An inexpensive approach presently in use is to apply a force to the bearing housings at each end of the rollers using a W-shaped metal clip. The W-shaped clip has detents at the ends of its outside arms which are retained by appropriate detents in outwardly facing walls on a roller housing. A lower roller bearing housing is nested in the roller housing. The joining section of the W clip has an arcuate portion which engages the bearing housing for the other roller with the overall resilience of the clip maintaining the force urging the rollers together. A clip is positioned at each end of the roller pair. While this W clip is quite inexpensive and easy to assemble, the force it applies is variable and difficult to adjust.

SUMMARY OF THE INVENTION

It is an object of the invention to provide a roller pair assembly for use as the registration rollers in an image forming apparatus, which assembly has a structure for applying a force urging the rollers together with a force that is less variable than prior structures but which structure is simple and inexpensive.

This and other objects are accomplished by a roller pair assembly which includes first and second rollers and a roller housing for holding the first roller. The housing has housing detents on opposite walls facing away from the first roller. The second roller is journaled in a second roller bearing housing. A force for urging the rollers together is supplied by a compression spring which is positioned between a U-shaped clip and a retainer. The retainer has a bearing surface for engaging the second roller bearing housing and a compression spring nest opposite the bearing surface. It also has a pair of slots. The U-shaped clip has a joining section and a pair of resilient arms which fit in the retainer slots. Each of the arms has a clip detent for engaging one of the housing detents. The joining section has a projection for receiving the compression spring to hold it firmly in the compression spring nest in the retainer with the compression spring providing the force urging the rollers together.

This structure combines the advantages of the reliable, easily controlled force of the compression spring with the ease of mounting using the resilient arms and detents of the clip.

According to a preferred embodiment, the bearing surface of the retainer is arcuately shaped to fit a cylindrical bearing housing and the retainer has retaining ears on opposite sides of the bearing surface for engaging opposite sides of the bearing housing to hold the retainer and the clip fixed with respect to movement parallel to the axis of rotation of the rollers.

BRIEF DESCRIPTION OF THE DRAWINGS

FIG. 1 is a side schematic of a portion of an image forming apparatus.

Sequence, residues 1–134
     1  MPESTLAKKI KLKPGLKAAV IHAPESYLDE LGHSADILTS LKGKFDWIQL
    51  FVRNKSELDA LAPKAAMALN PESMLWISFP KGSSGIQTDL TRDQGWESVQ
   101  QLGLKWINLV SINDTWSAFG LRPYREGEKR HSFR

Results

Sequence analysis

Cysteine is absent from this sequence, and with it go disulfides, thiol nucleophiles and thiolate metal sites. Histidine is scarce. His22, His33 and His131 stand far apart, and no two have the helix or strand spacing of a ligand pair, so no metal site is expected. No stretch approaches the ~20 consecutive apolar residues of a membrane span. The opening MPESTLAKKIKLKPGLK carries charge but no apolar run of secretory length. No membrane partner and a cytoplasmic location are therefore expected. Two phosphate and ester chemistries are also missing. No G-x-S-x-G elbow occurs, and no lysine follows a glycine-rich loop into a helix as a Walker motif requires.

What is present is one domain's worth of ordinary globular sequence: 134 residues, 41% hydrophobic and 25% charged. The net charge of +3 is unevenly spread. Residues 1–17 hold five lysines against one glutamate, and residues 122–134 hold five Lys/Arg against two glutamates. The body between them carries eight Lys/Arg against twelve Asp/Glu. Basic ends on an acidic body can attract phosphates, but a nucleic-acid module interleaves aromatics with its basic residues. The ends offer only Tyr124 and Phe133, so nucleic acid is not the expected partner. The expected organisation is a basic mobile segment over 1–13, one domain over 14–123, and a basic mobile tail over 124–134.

FIG. 2 is a side view of a roller pair assembly with some portions in phantom.

FIG. 3 is a perspective view of a retainer.

DETAILED DESCRIPTION OF THE INVENTION

The invention is usable in any type of image forming apparatus. According to FIG. 1, image forming apparatus 1 is electrophotographic. However, it also could be an inkjet printer or other similar apparatus.

An image member 3 is trained about a series of rollers, including a roller 5 for movement through an endless path during which a series of toner images are formed on image member 3. The toner images are transferred to a receiving sheet at a transfer station which includes a transfer drum 18 and a backing roller 20. The receiving sheet is fed from a receiving sheet supply (not shown) to a pair of registration rollers 7 and 9. When the sheets arrive at the registration rollers 7 and 9, they are stopped. The logic and control of the apparatus provides an appropriate signal to a motor 23 which accelerates the rollers to accelerate the sheet toward a nip 16 between the transfer roller 18 and the image member 3. After transfer of a toner image to the receiving sheet, the sheet is separated from image member 3 at roller 5 and transported on to a fuser (not shown) by a sheet transport 21.

The proper acceleration and timing of the drive of registration rollers 7 and 9 provides accurate intrack registration between the receiving sheet and the image. The nip of registration rollers 7 and 9 also has a tendency to reduce any skew in the sheet when it arrives. To avoid the addition of skew during the sheet acceleration function, it is important that the rollers have even "linear" pressure the length of the nip. This is provided by a roller pair assembly 17 shown in FIGS. 2 and 3.

According to FIG. 2, roller pair assembly 17 includes first or lower roller 7 and second or upper roller 9, both shown in phantom. Upper roller 9 includes a shaft 14 and a bearing housing 13 at each of its ends. Lower roller 7 includes a bearing housing 11 at one end, while the other end is connected to motor 23 and may not have a bearing housing. A roller housing 25 includes a nest 27 for receiving the lower roller 7. As shown in FIG. 2, lower roller bearing housing 11 fits in nest 27. Nest 27 could alteratively support a portion of the housing for the motor 23. Housing 25 also has a pair of housing detents 28 in outer walls facing away from lower roller 7.

A force urging the rollers together is supplied by a compression spring 38 which is held between a U-shaped or horseshoe-shaped clip 29 and a retainer 39.